Bald Eagle Area School District can claim bragging rights — and an extra $500 — as this year’s winners of the annual Nutrition Habit Challenge.
The NHC was established three years ago by One on One Fitness owners Bruce and Kym Burke, as a friendly competition to be held each February for the community and school districts that serve Centre County.
“We created the NHC to educate and inspire members of our community to make better choices not only with their diets, but also their exercise habits and lifestyle choices,” Bruce Burke said in an email. “We have created a platform to do that, but we need thousands of participants in order to succeed in truly impacting our community’s health. If we have 10,000 participants, and 20 percent of them have lasting, meaningful change, we have helped 2,000 people live healthier lives. That is the end game.”
The competition started Feb. 1 and lasted through the month.
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In its first year, 720 people participated by making dietary changes and practicing their change for 28 days, Burke said.
Last year, more than 2,200 people participated.
This year BEA won a $500 donation to the school’s wellness committee, a banner for the winner to display in their school and two copies of “FUNdamentals of Fitness,” a fitness-based physical education guide co-written by local authors Ryan Burke, of One on One Fitness, and Penn State professor Alison Weimer.
A press release said the district also received complementary invitations for two physical education teachers to a FUNdamentals of Fitness workshop.
The NHC School Challenge was available to students, staff and families within the districts.
The winning district was chosen based on the number of successful participants divided by the total number of students in the district, the press release said.
State College Area finished second; followed by Penns Valley Area, St. Joseph’s Catholic Academy and Our Lady of Victory in third; Philipsburg-Osceola Area in fourth; and Bellefonte Area in fifth place.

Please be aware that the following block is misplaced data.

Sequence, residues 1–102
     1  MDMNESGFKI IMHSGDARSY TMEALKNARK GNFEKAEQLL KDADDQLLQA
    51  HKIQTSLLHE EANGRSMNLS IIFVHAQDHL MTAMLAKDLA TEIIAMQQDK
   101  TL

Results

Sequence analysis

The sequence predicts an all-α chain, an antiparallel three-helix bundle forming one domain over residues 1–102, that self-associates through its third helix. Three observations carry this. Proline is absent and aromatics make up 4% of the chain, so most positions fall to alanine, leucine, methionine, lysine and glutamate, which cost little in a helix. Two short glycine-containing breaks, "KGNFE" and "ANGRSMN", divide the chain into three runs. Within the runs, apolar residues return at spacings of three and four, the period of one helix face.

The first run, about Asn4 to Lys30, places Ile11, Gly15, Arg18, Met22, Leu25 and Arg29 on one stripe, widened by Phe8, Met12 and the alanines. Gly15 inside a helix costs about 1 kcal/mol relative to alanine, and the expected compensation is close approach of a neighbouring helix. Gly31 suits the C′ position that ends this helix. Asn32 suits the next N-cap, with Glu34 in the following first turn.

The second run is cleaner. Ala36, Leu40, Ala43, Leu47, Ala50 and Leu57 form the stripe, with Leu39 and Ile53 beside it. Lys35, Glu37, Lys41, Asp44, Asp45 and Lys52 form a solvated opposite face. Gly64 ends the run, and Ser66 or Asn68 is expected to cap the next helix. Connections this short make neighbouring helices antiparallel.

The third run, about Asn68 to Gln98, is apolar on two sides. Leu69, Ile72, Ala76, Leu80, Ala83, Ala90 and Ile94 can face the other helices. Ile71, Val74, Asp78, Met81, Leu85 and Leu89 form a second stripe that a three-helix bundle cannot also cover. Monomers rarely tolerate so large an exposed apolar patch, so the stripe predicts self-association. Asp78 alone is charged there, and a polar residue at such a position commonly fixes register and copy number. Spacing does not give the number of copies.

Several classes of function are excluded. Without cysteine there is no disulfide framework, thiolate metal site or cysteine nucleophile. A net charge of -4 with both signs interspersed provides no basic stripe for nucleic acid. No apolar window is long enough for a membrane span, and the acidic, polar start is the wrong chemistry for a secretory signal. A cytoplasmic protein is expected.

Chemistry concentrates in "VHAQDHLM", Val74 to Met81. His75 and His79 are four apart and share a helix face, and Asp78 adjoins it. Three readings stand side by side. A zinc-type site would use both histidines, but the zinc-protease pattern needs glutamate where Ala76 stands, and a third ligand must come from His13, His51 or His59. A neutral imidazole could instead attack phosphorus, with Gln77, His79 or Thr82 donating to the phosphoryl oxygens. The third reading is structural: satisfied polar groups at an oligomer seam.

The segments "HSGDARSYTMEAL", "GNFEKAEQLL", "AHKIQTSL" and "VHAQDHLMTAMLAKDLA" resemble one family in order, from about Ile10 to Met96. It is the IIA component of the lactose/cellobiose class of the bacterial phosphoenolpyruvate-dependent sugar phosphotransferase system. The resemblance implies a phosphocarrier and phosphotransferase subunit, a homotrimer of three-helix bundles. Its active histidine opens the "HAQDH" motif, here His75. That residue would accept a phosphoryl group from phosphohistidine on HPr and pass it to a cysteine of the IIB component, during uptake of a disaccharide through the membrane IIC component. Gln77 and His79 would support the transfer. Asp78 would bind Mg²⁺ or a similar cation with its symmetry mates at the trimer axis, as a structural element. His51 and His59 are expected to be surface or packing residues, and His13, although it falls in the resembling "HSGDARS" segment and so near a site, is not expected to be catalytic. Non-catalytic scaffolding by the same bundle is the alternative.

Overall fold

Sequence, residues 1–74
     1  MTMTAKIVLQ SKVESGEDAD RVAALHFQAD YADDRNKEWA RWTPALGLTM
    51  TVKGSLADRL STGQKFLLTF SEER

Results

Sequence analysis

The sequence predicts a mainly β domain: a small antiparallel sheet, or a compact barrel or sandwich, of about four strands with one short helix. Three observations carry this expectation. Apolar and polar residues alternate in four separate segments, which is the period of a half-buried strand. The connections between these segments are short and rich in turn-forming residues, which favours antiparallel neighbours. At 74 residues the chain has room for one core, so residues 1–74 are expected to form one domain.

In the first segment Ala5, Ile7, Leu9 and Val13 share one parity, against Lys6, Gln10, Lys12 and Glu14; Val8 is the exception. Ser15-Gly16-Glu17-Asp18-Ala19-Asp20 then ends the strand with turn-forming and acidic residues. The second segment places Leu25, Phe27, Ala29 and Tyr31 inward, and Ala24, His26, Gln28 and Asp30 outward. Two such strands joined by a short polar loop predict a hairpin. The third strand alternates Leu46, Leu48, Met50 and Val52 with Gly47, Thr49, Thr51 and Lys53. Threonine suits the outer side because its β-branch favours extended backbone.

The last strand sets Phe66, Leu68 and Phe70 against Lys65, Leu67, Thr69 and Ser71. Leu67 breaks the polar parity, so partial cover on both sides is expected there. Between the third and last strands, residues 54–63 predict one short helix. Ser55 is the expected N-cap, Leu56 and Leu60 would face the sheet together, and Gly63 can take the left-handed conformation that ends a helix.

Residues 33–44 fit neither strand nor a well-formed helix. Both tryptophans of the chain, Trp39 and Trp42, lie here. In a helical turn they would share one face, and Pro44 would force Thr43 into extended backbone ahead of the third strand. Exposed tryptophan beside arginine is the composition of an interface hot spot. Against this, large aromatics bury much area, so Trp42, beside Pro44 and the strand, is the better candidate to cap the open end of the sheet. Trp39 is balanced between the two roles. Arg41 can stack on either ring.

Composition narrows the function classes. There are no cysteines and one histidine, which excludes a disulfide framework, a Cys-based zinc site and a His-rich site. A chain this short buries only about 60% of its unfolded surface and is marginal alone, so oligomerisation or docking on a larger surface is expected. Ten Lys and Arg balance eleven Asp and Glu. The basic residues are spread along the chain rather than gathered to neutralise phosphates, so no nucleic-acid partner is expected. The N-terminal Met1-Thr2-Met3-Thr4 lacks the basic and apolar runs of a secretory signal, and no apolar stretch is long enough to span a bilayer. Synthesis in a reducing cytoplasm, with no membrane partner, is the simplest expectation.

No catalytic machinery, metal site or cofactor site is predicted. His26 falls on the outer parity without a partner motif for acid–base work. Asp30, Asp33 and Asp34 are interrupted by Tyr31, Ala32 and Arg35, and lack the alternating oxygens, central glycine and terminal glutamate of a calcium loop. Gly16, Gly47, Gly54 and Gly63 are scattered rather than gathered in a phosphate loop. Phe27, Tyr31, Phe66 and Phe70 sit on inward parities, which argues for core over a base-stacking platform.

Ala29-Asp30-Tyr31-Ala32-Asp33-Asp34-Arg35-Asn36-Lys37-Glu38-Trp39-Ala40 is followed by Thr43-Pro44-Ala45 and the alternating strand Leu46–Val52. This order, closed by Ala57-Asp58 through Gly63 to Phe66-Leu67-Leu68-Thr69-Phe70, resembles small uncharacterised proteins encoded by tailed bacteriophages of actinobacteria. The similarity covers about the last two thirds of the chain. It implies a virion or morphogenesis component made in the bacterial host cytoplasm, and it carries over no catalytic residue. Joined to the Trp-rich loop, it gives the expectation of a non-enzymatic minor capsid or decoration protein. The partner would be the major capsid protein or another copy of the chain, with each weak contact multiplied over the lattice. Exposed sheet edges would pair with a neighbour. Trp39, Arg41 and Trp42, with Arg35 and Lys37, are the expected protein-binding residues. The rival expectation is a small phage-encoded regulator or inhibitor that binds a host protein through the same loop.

“The Nutrition Habit Challenge not only challenged us all as individuals, but allowed our wellness council to begin the process of putting our district wellness policies into action,” BEA PE teacher Danielle Butterworth said. “The NHC started important discussions about increased availability/consumption of water in our schools, providing healthier snacks during celebrations and offering rewards other than food. The NHC’s message that making small changes can lead to improved quality of life really resonated with us. Now that many of us have been successful, we feel empowered to support others in their journey toward a healthier lifestyle as well. This has been a wonderful experience and opportunity for our friends and families here at BEA.”
BEA PE teacher Brandy Urbanik said families cut soda from their diets and increased their water intake, while others packed salad for lunch instead of going out for fast food.
“The NHC also inspired many to address their step counts for the day and increase their physical activity,” she said. “It’s been a great opportunity for us here at BEA. ... We learned that small changes can make a big difference in our health. It’s so worth it.”
The challenge requires participants choose a nutritional behavior they commit to changing.
But the catch is that it must be significant enough to positively affect their health, and manageable enough to complete through the month, Burke said.
If successful for at least 25 days, the participant is eligible for a prize drawing that also includes a trip for four to Walt Disney World.
State College Area High School student Sahar Memari won the Disney trip last year.
Her commitment was to drink half her body weight in ounces of water each day of the challenge.
NHC strategies used by BEA:
▪ Inviting NHC committee members to attend the first wellness council meeting of the 2015-16 school year with the superintendent and other administrators
▪ Showcasing the challenge on the district’s Web page, including the link to register
▪ Teaching goal-setting lesson plans provided by the NHC in health classes
▪ Doing a “practice challenge” in January with middle school health classes using the lesson plan packet provided by the NHC
▪ Sending district emails encouraging faculty, staff, administrators to participate
▪ Sharing personal NHC commitments among coworkers
▪ Sending letters home to increase family participation
▪ Offering a districtwide competition for BEA participants with a chance to win a Fitbit
One on One Fitness